Buoyed by this success and eager to destroy the German submarine bases on the Belgian coast, General Sir Douglas Haig planned an assault from the British-held Ypres salient, near the village of Passchendaele.


British Prime Minister David Lloyd George opposed the offensive, as did the French Chief of the General Staff, General Ferdinand Foch, both preferring to await the arrival of the American Expeditionary Force (AEF).  Historians have argued the wisdom of the move, ever since.

The third Battle of Ypres, also known as the Battle of Passchendaele, began in the early morning hours of July 31, 1917. The next 105 days would be fought under some of the most hideous conditions, of the entire war.

In the ten days leading up to the attack, some 3,000 guns fired an estimated 4½ million shells into German lines, pulverizing whole forests and smashing water control structures in the lowland plains.  Several days into the attack, Ypres suffered the heaviest rainfall, in thirty years.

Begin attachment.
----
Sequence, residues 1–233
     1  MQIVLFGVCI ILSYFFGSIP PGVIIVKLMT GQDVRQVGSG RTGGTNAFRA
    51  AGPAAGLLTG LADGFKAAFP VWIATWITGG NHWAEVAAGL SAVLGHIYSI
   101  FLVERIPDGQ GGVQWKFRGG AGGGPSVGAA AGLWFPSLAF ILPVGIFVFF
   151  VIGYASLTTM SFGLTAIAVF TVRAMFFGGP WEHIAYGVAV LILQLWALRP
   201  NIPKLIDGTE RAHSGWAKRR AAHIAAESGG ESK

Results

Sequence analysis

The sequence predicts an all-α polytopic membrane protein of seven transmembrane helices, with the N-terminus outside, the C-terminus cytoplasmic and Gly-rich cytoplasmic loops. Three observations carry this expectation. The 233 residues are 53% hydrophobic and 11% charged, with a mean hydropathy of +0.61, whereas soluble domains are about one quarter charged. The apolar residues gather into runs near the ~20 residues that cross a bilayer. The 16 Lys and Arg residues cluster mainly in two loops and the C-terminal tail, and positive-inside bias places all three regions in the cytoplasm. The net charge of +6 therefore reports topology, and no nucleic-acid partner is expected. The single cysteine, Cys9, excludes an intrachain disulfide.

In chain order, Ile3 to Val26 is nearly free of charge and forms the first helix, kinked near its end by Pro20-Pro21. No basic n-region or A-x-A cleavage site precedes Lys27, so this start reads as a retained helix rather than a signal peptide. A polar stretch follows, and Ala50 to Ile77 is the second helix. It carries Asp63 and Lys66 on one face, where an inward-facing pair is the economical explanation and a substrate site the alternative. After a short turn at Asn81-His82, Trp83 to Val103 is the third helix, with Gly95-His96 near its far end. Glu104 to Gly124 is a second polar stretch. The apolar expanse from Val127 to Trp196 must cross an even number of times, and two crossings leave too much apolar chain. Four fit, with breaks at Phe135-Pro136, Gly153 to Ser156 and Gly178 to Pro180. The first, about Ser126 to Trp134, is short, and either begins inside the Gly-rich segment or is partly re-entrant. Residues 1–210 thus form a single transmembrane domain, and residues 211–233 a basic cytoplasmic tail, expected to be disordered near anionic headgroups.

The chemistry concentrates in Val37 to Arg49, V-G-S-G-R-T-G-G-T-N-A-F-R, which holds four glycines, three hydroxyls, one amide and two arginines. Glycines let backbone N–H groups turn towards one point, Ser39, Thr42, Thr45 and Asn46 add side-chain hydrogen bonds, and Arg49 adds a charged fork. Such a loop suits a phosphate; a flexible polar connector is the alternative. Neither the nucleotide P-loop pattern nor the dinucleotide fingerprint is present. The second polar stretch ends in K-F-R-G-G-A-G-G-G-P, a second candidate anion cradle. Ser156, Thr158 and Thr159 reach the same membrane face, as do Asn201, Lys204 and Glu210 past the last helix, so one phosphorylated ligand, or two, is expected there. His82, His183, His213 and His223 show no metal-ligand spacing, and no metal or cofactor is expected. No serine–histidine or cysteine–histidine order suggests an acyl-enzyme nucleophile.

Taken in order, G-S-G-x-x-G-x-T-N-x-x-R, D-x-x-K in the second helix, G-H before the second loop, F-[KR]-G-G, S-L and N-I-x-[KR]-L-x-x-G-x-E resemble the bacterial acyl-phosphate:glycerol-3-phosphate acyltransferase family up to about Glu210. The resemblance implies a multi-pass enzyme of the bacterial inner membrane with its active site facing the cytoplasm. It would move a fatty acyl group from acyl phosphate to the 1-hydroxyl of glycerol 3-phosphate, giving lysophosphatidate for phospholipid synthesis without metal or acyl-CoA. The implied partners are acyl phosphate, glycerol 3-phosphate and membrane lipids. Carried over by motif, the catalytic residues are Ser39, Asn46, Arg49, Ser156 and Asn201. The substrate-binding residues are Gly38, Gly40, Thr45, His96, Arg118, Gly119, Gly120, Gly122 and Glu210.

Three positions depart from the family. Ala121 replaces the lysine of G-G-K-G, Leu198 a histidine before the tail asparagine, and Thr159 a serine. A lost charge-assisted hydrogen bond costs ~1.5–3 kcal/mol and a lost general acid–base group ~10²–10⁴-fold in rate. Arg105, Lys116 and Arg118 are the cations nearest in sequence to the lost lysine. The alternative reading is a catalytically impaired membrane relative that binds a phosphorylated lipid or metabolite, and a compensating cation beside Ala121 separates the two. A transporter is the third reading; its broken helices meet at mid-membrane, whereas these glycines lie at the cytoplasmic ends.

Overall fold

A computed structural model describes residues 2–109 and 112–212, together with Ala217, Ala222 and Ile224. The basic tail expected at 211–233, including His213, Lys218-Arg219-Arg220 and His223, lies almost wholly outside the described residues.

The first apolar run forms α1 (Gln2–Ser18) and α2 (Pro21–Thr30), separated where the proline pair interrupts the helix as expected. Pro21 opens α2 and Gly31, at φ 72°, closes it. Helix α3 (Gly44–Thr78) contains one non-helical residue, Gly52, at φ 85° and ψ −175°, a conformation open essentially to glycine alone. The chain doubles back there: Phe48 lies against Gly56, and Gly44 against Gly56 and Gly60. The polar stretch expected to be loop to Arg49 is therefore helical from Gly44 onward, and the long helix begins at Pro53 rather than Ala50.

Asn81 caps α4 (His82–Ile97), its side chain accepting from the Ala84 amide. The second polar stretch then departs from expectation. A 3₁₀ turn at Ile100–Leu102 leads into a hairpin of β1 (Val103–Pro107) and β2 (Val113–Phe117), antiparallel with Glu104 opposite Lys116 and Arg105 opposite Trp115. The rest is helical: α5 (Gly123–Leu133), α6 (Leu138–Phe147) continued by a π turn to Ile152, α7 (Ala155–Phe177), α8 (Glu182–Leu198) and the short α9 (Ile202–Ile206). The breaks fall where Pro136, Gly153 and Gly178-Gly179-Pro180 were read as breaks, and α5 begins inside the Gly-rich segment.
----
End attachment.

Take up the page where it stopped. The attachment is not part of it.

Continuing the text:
German pillbox, following capture by Canadian soldiers.

Conditions defy description. Time and again the clay soil, the water, the shattered remnants of once-great forests and the bodies of the slain were churned up and pulverized by shellfire.  You couldn’t call the stuff these people lived and fought in mud – it was more like a thick slime, a clinging, sucking ooze, capable of swallowing grown men, even horses and mules.  Most of the offensive took place across a broad plain formerly crisscrossed with canals, but now a great, sucking mire in which the only solid ground seemed to be German positions, from which machine guns cut down sodden commonwealth soldiers, as with a scythe.